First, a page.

Favorite quote: “Kindness is the light that dissolves all walls between souls, families, and nations”.

One survey respondent said: “Just inspirational!”

7. ‘Yoga Myths‘ by Judith Hanson Lasater

In Yoga Myths, we learn about the common myths we are told (or tell) in a yoga class and find out why they may lead to injury. Plus, we are then shown how to modify and adapt our practice.

Judith Hanson Lasater has been teaching yoga since 1971 and has a Ph.D. in psychology. She’s also the author of another book I love, ‘Relax and Renew’ which is a great book for anyone interested in restorative yoga.

The blurb of this book says it all: “What you need to LEARN AND UNLEARN for a safe and healthy practice”.

In 11 chapters we learn about the most common yoga myths still being taught today. I will say that this is one of those yoga books that I read as a yoga teacher and kept on thinking: “ok, what else do I need to change in my teaching?!”

This book is easy to read and has a wide variety of images that help the reader understand exactly what is being discussed. If I were to be asked about what stood out the most, it would have to be what we use blankets under our shoulders in shoulder stand.

Favorite quote: “Always practice with attention to today’s body, not yesterday’s”.

One survey respondent said: “Dismantling some still used cues and movements i.e. neck rolls, rolling the vertebral column “one vertebra at the time” from standing forward fold to Mountain Pose, external rotation of humerus in Downward Dog and reframing functional movement. That being said she is my mentor and I recommend all her books.”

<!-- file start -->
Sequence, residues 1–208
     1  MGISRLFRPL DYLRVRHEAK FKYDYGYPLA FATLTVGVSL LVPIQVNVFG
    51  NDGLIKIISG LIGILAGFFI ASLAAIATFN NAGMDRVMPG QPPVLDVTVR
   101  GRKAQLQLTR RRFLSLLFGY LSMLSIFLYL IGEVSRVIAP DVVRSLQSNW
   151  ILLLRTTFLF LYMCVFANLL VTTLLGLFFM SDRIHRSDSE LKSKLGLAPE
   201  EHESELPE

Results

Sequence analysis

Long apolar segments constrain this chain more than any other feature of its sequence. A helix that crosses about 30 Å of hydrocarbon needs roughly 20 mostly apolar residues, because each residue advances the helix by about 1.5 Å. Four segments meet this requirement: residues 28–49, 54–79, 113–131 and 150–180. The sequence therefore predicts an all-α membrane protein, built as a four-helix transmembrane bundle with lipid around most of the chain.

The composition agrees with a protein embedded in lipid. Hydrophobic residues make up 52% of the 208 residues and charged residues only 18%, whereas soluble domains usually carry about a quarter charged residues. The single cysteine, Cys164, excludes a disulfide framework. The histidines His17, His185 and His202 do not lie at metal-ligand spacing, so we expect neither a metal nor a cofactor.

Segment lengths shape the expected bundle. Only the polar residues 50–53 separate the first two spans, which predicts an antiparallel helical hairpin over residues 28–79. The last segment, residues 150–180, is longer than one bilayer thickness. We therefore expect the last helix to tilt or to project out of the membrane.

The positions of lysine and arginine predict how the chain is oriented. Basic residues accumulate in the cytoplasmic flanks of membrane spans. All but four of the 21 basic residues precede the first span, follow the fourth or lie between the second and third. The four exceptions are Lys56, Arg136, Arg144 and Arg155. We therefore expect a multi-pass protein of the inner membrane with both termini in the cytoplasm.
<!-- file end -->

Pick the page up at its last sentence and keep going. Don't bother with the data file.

8. ‘How yoga works‘ by Geshe Michael Roach

In How Yoga Works, the Yoga Sutras are interwoven beautifully within a story.

The author, Geshe Michael Roach, is a graduate of Princeton University and is apparently the first Westerner to be awarded a master of Buddhism by the Sera May Thibetan Monastery.

The story begins with our main character, a girl called Yogi. Yogi travels to India to find her next teacher. The complication is that an ancient book was with her. And so she is imprisoned in a local jail until she can prove she is the rightful owner of this ancient book.

And so through this beautiful story, we begin to learn about the Yoga Sutras of Patanjali. What a beautiful way to understand more about yoga!

Favorite quote: “It doesn’t matter that we are inside a jail. Everyone is inside a jail. We need to get out of the bigger jail, this entire life, this life that always leads to death and ruin”.

One survey respondent said: “I always recommend it to my students, as it is an easily comprehensible story based on the sutras, showing how yoga changes your life.”

What other surveyed responded said: “I love “How Yoga Works” By Geshe Michael Roach, because unlike other yoga books I actually enjoyed reading it. It is a fictional story with the message that for yoga to work, you have to do it for other people. It introduces some key sutras in very simple language and upon researching, I concluded that Michael understands their meaning well.”

9. ‘Light on life‘ by B.K.S. Iyengar

Light on Life can easily be considered as one of yoga’s ‘must read’ books. Moving on from yoga as a physical practice, this book also explores the internal and external obstacles we may be dealing with in our lives as well as how yoga can ultimately transform our lives.

B.K.S. Iyengar is considered one of the most important yoga teachers. He was a student of Krishnamacharya and went on to create Iyengar yoga.

Adding many stories from his personal life, Iyengar covers a wide range of topics over 7 chapters explaining how yoga can permeate every area of life for the better.